Some 15,000 square feet will be devoted to library space. The remaining areas of the building will house back-office operations such as library material processing and delivery.

The library's design is a collaborative effort of Ronald Cornell Faniro, Architects, AIA Inc., of Youngstown, and their library design consultant, Meehan Architects of Cleveland. Faniro's firm serves as the lead architect for the project with Meehan Architects being responsible for the library planning and interior design aspects of the project. The General Trades contractor is The Murphy Contracting Company of Youngstown.

The Library is committed to turning this building into a beautiful, up-to-date facility. Faniro says, “ This building will undergo a dramatic change both externally and internally to prepare the structure for the new use. It will literally be taken apart and put back together to suit the Library's needs, create a new image for the facility and define this corner as a gateway to the re-emerging city.”

In 2006, the Library purchased a 24,500-square-foot structure at 3730 Market St. from Giant Eagle. The property, valued at $350,000, was made available to the Library for the sum of $225,000, with Giant Eagle making a charitable contribution of the additional $125,000 toward that purchase.

The current South Library, 1771 Market St., will remain open until the new library is ready. This branch was built in 1929 and remodeled in 1972. The building has only 6,450 square feet that is usable for library service and the structure is in need of repair. The declining population in the area surrounding the current location has led to a drop in usage at that branch.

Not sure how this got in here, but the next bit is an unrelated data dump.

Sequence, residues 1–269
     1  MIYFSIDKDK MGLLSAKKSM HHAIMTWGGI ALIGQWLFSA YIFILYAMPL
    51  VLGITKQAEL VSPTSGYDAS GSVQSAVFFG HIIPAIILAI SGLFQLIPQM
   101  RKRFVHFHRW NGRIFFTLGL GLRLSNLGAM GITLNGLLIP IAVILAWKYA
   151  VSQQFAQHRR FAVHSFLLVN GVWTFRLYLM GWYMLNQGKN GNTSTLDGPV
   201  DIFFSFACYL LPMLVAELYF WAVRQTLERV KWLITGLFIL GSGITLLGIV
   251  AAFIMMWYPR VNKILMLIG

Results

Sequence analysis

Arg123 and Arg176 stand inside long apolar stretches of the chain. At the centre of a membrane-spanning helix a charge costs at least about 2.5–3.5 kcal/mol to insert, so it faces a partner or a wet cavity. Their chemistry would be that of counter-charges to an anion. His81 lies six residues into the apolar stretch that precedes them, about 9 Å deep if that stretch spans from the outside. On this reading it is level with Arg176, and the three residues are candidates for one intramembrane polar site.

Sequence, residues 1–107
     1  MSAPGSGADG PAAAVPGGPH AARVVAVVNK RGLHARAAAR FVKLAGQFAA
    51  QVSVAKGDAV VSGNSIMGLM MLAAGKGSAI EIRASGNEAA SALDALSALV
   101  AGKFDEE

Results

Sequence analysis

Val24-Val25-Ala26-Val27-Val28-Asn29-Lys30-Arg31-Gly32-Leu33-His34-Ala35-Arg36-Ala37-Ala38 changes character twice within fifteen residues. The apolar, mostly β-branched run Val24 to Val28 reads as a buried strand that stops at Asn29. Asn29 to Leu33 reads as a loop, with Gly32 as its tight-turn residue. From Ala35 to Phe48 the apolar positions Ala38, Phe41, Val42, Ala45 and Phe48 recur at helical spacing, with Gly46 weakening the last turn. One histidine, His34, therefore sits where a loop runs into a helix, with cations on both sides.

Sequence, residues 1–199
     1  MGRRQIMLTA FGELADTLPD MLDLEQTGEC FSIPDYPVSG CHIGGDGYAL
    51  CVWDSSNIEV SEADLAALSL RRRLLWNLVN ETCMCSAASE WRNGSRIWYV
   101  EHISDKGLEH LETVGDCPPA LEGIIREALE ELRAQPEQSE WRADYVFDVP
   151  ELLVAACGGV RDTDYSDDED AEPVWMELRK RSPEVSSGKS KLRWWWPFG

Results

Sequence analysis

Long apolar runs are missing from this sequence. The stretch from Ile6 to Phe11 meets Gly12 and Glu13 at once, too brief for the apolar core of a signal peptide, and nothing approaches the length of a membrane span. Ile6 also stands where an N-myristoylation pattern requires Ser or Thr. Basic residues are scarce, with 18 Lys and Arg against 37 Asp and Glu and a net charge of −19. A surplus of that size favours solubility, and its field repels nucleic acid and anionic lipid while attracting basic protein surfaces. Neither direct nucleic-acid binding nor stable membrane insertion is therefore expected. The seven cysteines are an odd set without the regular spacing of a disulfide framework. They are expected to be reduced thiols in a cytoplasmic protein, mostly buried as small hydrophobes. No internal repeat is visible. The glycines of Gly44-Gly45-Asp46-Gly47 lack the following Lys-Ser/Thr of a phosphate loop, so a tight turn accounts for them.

What's in a Name? New Branch Carries On Tradition of Newport Area

Comments from Dr. David Ritchie, President, Library Board of Trustees

Comments from Jay Williams, Mayor of Youngstown

Contractors for the Project; Bids Save Library Approximately $702,000

The Murphy Contracting Company

Newport Branch Project Architect, Engineers and Contractors (Adobe pdf file)

Project Overview from Architect Ronald Cornell Faniro

“After a year of planning, the Newport Branch Library is now ready to commence. We as architects feel privileged to have been selected for such an important project. We are excited for the citizens of Mahoning County, the citizens of Youngstown and Boardman, as this project represents one of the first steps in the advancement of regionalism. This branch library will further dull the invisible line between Boardman and Youngstown. This is truly a facility for many communities and many citizens. This is what excites us.”